The court of appeal was unconvinced. The documents cited were “not based upon either treaty or customary law” and would represent significant extensions” to the Torture Convention.
It was therefore also unwilling to consider the prosecutions should be stayed simply because they were in the widest sense associated with torture. This was considered a step too far, and outside of its remit. It is not for the courts to discipline the executive unless by way of a criminal prosecution:
The jurisdiction does not exist to discipline the executive, the police or the intelligence services, although it may incidentally do so. It exists to preserve the integrity of the trial process. (39)
And it could not be right that every act of torture has the consequence that the tortured person becomes immune from prosecution in every country and for all time, whatever crime he may commit (40).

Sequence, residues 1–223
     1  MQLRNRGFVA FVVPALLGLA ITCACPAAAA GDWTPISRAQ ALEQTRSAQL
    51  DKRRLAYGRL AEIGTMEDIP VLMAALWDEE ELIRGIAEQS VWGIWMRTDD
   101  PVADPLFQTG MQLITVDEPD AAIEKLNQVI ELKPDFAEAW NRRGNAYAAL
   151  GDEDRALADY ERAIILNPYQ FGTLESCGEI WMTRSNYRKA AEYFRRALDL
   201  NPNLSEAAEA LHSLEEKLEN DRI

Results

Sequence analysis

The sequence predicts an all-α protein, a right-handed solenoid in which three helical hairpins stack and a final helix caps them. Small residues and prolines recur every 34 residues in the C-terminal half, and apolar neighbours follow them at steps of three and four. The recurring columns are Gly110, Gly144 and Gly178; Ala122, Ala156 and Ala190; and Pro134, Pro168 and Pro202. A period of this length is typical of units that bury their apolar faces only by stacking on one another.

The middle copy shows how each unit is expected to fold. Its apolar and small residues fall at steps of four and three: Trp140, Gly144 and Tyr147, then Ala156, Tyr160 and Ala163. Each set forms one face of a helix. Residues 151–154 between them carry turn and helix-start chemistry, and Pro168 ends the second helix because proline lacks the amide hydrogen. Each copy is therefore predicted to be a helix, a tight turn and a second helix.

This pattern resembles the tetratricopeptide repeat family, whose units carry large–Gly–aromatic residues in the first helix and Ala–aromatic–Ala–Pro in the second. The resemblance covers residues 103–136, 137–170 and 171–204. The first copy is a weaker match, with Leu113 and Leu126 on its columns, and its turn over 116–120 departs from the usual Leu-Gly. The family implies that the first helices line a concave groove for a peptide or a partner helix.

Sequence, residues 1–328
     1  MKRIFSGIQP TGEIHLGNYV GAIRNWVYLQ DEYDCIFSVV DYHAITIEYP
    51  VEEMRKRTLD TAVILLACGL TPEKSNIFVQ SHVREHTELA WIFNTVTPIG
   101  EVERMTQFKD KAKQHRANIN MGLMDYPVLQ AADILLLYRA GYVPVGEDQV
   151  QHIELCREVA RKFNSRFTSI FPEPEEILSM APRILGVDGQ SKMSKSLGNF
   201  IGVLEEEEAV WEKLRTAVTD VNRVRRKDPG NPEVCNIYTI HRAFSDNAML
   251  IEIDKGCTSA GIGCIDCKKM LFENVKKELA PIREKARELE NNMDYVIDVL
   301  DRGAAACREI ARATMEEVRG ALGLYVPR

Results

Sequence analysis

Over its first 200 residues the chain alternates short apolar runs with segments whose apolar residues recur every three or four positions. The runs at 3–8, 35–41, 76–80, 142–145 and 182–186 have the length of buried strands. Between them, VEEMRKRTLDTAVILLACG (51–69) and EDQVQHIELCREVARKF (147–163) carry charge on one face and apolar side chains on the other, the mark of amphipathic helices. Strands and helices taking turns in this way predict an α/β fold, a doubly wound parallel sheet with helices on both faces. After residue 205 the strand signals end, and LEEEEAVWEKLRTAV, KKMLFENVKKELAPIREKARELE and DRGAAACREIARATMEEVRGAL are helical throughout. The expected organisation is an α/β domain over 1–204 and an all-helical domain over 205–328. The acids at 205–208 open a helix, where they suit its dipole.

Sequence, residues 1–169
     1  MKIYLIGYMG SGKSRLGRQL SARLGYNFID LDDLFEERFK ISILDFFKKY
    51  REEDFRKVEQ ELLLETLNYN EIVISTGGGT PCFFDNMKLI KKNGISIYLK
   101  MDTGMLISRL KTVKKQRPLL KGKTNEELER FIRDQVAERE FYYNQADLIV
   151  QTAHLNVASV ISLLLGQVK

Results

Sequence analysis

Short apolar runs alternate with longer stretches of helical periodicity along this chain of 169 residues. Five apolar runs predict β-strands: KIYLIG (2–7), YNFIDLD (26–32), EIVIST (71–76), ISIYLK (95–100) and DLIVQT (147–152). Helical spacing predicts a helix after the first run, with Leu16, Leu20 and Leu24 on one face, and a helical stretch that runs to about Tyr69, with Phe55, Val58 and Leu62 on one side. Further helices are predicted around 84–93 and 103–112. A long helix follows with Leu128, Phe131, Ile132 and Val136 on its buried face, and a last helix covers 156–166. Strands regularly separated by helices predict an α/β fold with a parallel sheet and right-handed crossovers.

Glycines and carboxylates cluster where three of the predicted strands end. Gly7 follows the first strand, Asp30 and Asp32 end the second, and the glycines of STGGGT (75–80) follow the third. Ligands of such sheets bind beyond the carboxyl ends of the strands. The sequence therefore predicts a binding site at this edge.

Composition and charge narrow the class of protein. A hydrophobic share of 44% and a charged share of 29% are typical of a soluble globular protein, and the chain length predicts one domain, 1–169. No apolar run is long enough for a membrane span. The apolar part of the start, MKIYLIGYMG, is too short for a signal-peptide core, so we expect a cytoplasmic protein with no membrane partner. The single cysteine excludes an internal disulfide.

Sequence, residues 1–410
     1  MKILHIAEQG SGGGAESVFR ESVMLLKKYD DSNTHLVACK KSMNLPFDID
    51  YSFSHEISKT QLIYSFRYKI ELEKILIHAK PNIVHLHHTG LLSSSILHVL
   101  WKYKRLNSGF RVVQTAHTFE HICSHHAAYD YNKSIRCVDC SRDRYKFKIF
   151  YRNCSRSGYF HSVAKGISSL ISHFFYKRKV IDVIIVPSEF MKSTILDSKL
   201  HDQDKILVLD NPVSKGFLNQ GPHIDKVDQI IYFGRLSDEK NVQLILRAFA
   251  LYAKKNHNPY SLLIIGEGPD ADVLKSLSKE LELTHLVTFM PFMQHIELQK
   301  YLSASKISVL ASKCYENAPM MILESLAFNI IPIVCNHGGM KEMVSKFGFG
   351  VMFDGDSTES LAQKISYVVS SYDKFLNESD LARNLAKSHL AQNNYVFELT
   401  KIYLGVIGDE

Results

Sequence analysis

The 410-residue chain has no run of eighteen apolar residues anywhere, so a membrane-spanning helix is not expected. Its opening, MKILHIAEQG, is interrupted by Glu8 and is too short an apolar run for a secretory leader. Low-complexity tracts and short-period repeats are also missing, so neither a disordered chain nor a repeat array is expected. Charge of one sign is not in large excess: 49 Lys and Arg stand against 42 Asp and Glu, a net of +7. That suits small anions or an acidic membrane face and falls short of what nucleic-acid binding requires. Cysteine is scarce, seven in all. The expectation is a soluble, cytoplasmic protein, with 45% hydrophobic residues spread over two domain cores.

The judge had been right, therefore, to rule that there must be a connection between the torture and the prosecution. Even if there had been torture whilst Rangzieb was in Pakistan, it had no bearing on the trial and there was no reason why the question of whether or not he was guilty of an antecedent crime in England should not be decided according to law.
Fruit of the poisoned tree
As I have discussed in a previous post, evidence obtained under torture is generally excluded in English law. But Ahmed & Anor demonstrates that the longstanding moral repugnance towards torture and its fruits, a part of English law since the 17th century, only extends so far.